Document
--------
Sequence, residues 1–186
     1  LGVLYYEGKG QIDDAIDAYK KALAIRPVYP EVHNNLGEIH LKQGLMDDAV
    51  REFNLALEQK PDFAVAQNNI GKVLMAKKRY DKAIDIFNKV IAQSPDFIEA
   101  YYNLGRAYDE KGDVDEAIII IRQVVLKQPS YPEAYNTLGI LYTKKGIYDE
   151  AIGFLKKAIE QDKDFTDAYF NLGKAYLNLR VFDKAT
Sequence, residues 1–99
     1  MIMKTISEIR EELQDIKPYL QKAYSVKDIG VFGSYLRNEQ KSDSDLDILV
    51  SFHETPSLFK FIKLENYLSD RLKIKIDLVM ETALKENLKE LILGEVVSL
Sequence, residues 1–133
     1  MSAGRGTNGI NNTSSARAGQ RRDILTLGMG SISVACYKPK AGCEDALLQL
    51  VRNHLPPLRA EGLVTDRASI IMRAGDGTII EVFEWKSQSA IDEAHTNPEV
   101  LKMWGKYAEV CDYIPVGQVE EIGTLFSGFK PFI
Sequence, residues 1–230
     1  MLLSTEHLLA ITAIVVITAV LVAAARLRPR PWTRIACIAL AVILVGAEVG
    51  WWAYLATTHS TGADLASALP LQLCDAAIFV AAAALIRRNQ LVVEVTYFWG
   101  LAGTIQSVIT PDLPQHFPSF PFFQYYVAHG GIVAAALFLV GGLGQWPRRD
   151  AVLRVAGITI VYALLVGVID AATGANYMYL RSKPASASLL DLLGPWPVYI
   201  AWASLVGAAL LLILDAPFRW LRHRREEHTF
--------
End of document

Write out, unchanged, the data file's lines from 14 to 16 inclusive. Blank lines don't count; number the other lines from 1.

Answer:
     1  MLLSTEHLLA ITAIVVITAV LVAAARLRPR PWTRIACIAL AVILVGAEVG
    51  WWAYLATTHS TGADLASALP LQLCDAAIFV AAAALIRRNQ LVVEVTYFWG
   101  LAGTIQSVIT PDLPQHFPSF PFFQYYVAHG GIVAAALFLV GGLGQWPRRD